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Consequences ahead for defiant barbershop

Town may take action while other hair salons seek answers about rebellious business
MVP Bladez final
Natalie Klein, a co-owner of Bladez 2 Fadez Barbershop, outside her business during the Jan. 12 support rally when her business defied provincial COVID restrictions by reopening illegally. Johnnie Bachusky/MVP Staff

INNISFAIL – Bladez 2 Fadez Barbershop is now legally open following a highly publicized and emotionally charged week of rebellion that led to provincial charges for violating COVID restrictions, one town councillor resigning, a municipal review and serious questions being asked by less than supportive competitors.

Last week, the province eased some COVID restrictions that would take effect as of Jan. 18. These included the reopening by appointment only for personal and wellness services, including hair salons and barbershops.

The re-opening of personal services is a huge development in light of the growing number of complaints and defiance of several hair salons across the province, most notably by Innisfail's Bladez 2 Fadez Barbershop.

The local business illegally reopened last week from Jan. 12 to 14 and is now facing two provincial charges for violating COVID restrictions. The owners will be in Red Deer provincial court on March 8.

The barbershop shut its doors again last Friday (Jan. 15) when the province announced its easing of restrictions beginning Jan. 18.

However, many other hair salon owners in town were not happy about the way Bladez 2 Fadez Barbershop went about their campaign of defiance.

Yesterday (Jan. 18) at town council, a delegation of hair salon owners was scheduled to make a presentation to town council.

Donna Nazar-Whitehead, owner of Adonia Beauty and Wellness, said the aim of the delegation was to find out what the town is doing about the illegal action of the rebellious barbershop.

“We want answers,” said Nazar-Whitehead on Jan. 18 before the presentation. “They broke the law. As for Innisfail council, what are they doing?

“Do you mean any of us can go and break the law in town? And another thing is that they didn’t have a pet grooming licence,” she said, noting Bladez 2 Fadez Barbershop had briefly rebranded their business before the province eased their restrictions last week. “Why wasn’t their licence revoked? Why did this get to that point?”

However, the Town of Innisfail has taken a serious interest in the case.

Todd Becker, the town’s chief administrative officer, said the town is reviewing its Business License Bylaw to determine whether any municipal section was broken during the barbershop’s defiance of provincial COVID restrictions, as well as sorting out whether enforcement should have been undertaken.

"We've had a lot of public feedback and inquiry about the application of the business licence and its regulatory ability to impact this hair salon working outside the boundaries of the provincial government restrictions,” said Becker. “I am actually reviewing the bylaw now to determine its place with this situation."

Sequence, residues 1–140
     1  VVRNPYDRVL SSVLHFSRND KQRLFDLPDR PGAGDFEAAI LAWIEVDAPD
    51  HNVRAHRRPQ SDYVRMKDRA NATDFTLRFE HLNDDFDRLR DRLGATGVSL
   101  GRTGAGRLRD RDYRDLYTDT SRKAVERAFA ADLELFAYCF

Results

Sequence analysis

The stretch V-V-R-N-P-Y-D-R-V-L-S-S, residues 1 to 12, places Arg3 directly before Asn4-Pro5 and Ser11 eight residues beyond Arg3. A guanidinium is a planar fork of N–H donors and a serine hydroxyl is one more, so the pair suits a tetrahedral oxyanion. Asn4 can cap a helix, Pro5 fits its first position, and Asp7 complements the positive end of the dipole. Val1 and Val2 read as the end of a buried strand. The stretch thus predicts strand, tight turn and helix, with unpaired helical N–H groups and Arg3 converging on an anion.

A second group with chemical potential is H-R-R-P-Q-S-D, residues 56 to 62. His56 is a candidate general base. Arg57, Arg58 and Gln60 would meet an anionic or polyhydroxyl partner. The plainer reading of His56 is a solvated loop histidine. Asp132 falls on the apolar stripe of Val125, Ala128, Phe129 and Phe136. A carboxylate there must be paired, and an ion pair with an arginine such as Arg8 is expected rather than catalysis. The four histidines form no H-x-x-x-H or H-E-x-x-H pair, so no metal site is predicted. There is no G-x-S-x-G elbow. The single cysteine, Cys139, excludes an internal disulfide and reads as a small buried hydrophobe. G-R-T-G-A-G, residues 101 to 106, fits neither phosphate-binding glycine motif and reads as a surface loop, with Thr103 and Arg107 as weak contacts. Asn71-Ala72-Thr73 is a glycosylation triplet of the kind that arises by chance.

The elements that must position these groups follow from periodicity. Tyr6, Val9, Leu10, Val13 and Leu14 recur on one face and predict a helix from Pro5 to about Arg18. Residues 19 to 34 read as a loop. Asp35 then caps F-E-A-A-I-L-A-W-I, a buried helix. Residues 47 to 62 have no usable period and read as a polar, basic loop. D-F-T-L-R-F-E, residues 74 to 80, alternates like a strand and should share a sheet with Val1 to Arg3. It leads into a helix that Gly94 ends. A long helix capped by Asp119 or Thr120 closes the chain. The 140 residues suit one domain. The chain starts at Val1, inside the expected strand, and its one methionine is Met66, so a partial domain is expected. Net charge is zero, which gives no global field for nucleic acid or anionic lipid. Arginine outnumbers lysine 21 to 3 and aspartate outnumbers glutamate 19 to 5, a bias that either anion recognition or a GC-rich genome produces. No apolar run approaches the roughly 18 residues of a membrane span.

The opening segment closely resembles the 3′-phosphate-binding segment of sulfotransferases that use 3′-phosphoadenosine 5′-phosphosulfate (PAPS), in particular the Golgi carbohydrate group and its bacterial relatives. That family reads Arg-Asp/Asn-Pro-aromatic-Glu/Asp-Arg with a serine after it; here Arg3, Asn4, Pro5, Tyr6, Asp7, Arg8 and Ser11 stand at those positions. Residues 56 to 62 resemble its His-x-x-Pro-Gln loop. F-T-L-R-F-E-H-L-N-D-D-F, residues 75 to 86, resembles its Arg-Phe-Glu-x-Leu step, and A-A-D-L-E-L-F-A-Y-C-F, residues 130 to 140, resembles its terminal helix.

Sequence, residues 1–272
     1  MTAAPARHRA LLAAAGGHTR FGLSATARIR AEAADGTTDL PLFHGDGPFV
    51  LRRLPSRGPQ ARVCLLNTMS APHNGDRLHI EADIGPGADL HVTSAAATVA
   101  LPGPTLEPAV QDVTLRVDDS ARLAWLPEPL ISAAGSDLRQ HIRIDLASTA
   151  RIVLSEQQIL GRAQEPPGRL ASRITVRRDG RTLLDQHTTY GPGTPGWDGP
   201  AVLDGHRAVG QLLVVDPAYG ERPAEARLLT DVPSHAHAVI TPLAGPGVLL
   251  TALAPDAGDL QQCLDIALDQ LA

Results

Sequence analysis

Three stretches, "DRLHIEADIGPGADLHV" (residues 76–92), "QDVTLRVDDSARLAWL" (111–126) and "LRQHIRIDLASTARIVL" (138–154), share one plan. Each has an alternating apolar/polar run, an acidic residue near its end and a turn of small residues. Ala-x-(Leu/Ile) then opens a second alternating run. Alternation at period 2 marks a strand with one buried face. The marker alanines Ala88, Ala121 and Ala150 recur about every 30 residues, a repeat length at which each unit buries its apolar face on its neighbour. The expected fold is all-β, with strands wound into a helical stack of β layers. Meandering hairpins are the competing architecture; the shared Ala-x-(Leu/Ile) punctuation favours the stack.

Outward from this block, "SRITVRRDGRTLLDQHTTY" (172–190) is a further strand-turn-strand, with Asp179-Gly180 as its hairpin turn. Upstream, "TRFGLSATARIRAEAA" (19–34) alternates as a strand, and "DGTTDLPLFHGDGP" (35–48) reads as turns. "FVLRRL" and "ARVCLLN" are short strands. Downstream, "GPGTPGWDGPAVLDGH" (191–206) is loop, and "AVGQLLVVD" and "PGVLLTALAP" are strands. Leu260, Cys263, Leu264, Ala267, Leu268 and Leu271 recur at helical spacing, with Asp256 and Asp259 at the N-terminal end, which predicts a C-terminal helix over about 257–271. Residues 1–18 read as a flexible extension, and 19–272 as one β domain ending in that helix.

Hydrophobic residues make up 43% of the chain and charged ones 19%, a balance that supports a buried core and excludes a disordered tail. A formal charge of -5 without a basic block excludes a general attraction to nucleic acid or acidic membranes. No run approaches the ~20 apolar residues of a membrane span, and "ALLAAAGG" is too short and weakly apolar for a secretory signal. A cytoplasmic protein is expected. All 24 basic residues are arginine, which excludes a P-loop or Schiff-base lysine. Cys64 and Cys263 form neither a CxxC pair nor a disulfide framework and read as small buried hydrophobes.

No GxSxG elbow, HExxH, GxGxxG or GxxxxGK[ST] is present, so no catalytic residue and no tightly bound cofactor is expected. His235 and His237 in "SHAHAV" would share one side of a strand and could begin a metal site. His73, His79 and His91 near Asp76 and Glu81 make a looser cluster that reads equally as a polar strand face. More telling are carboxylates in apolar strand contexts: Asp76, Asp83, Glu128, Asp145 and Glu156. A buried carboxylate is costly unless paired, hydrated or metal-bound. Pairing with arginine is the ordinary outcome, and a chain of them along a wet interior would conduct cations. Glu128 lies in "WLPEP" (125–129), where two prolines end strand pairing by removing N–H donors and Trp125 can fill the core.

“What I am doing is determining the authority of the bylaw, what merit does it have regarding this situation,” he said, adding he’s also trying to determine the town’s options of enforcement, such as possible fines and even reviewing the future legitimacy of the licence.

“Those are the questions that I need to answer. How does this bylaw apply to this current situation with this business?”

Becker said he will bring his review findings to town council on Jan. 25.

Natalie Klein, a co-owner of Bladez 2 Fadez Barbershop, said on Jan. 15 the town did call her to let her know her booking site was registered at a local mobile home court, with her business licence not being valid for that location.

She said she assured the town her business was located elsewhere, and that she neither lives or operates a business at any Innisfail mobile home park.

As for any potential municipal bylaw violation, Klein said she has not heard anything from the town on that issue.

Last week also saw Coun. Jean Barclay post a lengthy Facebook message to the community in response to the many calls and messages she received from citizens over the controversial Bladez re-opening.  

“You have told me over and over how you have chosen to follow the public health guidelines even though you are struggling because you want to keep your community and family safe and you understand the more you can help the better it will be for everyone,” wrote Barclay.

“Above all else, you recognize that your sacrifice is what community is all about. You are heard, you are appreciated, and you are supported by those of us who care,” added Barclay.

“It has been non-stop the last few days and even you who called and we talked on the phone for over three hours, I get it.

“Thank you for being responsible citizens and doing all you are doing for the collective good.”

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